What Fuel for Standby Whole Home Generators?

 A power loss at your home or place of business is never an enjoyable time. It takes us by surprise and cannot only cause an inconvenience but it can also result in loss of money. Without power you may not be able to work. The food in your refrigerator or freezer may spoil. You may not be able to cool or heat your home. So much of our daily life is dependent on electricity. When it does go out many of us are left wondering what to do now? The good news is that in most cases the power loss does not last long and it typically turns back on after an hour or two.

There are instances though where prolonged power loss can occur. It could be that you live in an area that receives frequent hurricanes. Or, you live in a remote area so that when a storm does hit a simple power loss could translate into days without electricity. A few years back my family and I lived on a farm on about twenty acres. It was about an hour south of Kansas City in a very rural area. I loved the tranquility of it all but we were subject to frequent power loss. It could be from the spring storms or the winter’s ice storms. Whatever the reason was when the power did go out it stayed out for many hours and sometimes days.

It was because of this that we began to look at purchasing and installing a standby generator. While portable generators were an option I did not like all the work that went into setting them up. Each and every time your power went out you had to roll out the portable unit, fill it up with fuel, set it up, route the cords, plug everything in, etc. It is and was a big hassle. Standby systems on the other hand automatically flip on the moment the power goes out in your home. You will typically see a flash of the lights as the circuit board switches over from grid power to standby power. That is it. The rest is done for you automatically.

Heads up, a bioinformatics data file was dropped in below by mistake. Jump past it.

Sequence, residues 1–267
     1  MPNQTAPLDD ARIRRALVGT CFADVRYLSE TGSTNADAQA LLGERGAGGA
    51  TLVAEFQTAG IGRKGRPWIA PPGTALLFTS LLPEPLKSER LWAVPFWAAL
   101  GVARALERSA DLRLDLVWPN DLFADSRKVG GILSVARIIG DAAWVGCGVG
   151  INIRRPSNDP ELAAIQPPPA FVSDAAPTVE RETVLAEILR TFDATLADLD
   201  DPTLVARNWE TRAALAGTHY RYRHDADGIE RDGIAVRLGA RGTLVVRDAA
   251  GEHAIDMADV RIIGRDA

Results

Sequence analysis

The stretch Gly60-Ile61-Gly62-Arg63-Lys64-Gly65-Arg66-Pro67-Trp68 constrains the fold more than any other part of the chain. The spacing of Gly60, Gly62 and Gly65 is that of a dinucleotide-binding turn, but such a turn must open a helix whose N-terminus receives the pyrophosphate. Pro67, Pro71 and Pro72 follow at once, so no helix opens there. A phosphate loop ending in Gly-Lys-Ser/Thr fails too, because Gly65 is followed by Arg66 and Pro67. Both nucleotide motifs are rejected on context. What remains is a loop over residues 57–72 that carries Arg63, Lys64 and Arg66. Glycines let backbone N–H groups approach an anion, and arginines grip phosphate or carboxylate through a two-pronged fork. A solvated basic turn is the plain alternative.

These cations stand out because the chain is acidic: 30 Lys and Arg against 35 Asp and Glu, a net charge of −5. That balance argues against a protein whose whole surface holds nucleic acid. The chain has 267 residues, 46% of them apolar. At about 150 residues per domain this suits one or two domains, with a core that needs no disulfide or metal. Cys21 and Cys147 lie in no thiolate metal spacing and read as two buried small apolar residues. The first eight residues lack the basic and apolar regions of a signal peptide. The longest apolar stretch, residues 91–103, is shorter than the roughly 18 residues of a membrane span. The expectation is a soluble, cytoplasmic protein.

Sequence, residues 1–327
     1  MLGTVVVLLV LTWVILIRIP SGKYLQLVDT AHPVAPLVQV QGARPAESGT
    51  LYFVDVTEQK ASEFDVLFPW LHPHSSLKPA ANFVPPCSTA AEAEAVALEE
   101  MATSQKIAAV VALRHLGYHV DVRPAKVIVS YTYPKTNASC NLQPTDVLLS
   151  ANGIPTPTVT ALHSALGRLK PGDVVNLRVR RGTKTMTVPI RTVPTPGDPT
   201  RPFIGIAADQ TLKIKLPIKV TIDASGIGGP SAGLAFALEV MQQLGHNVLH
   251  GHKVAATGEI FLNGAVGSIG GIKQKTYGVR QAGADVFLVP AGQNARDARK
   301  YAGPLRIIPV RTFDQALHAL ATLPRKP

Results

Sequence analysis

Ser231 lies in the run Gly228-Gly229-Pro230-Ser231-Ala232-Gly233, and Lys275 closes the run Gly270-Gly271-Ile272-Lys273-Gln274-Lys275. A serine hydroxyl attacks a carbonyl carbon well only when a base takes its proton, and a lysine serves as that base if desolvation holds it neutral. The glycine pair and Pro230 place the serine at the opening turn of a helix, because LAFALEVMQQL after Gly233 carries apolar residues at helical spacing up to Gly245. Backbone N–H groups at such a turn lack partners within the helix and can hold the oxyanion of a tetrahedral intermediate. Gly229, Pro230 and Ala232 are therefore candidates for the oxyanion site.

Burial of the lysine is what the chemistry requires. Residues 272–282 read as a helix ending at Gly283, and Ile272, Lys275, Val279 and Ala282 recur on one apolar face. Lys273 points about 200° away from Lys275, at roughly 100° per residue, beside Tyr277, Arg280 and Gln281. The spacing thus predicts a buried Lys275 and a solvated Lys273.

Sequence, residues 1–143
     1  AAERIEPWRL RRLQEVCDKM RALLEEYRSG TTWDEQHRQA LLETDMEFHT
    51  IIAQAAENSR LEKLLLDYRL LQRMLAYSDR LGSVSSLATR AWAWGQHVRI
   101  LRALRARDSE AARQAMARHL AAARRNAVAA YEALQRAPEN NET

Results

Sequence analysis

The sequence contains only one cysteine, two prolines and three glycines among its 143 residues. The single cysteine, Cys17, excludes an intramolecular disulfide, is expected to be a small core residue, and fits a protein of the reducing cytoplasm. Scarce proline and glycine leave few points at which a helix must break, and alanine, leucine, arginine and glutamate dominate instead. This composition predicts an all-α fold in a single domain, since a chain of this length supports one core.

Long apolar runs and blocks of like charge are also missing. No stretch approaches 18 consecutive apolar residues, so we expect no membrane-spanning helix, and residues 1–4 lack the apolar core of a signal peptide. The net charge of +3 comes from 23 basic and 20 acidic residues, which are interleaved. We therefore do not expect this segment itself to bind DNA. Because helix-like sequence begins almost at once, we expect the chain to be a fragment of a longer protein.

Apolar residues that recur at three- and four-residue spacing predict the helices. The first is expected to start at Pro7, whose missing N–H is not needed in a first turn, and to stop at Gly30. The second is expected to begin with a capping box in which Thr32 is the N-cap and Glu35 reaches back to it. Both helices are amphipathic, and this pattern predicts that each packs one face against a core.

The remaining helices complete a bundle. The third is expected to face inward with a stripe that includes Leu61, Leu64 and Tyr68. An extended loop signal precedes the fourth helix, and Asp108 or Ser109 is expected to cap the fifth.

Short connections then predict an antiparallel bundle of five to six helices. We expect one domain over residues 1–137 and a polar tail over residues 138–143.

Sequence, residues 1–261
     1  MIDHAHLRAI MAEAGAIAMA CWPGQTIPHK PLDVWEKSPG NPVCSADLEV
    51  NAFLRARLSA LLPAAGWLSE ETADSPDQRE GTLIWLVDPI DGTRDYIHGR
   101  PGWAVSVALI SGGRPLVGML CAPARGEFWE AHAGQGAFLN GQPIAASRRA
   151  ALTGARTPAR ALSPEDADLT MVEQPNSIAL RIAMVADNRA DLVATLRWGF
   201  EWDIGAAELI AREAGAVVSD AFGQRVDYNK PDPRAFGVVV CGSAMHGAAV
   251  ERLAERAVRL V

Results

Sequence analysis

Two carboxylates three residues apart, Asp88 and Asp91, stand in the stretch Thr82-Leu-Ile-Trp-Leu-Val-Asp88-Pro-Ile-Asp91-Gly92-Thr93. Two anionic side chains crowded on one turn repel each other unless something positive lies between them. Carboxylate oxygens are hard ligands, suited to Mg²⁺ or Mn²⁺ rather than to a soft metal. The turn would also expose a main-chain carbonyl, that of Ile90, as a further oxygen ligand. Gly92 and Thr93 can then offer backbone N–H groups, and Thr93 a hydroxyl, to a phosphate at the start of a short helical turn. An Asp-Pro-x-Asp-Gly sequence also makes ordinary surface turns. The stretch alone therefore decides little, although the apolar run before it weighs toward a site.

Over the past few weeks I have been writing numerous articles and research pieces on the topic of these standby generators. The hope here is to cover every possible topic there could be on the subject and to provide my readers with information that is not easily found online today. The article below is going to focus on the various types of fuels that can be selected with your standby generator. This is assuming that you are in the market for a standby system and are doing your research before purchasing. Let’s take a look.

Standby Generator Fuel Types

 When it comes to standby generators there are three main fuel types that you can choose from. These are: Diesel, Natural Gas, and Liquid Propane (LP). Each of these fuel types have their own pros and cons. For example, a diesel powered standby generator is going to last the longest. As we all know, diesel vehicles last longer then standard gasoline vehicles. The same rule applies here. A diesel generator is going to last longer then a natural gas or liquid propane model. The downside here is that diesel can be expensive and that the fuel tank can only hold so much. You are limited by the amount of diesel you have on hand. If you have an extended power loss for two, three, or more days then you could run out of diesel and have to arrange a refueling.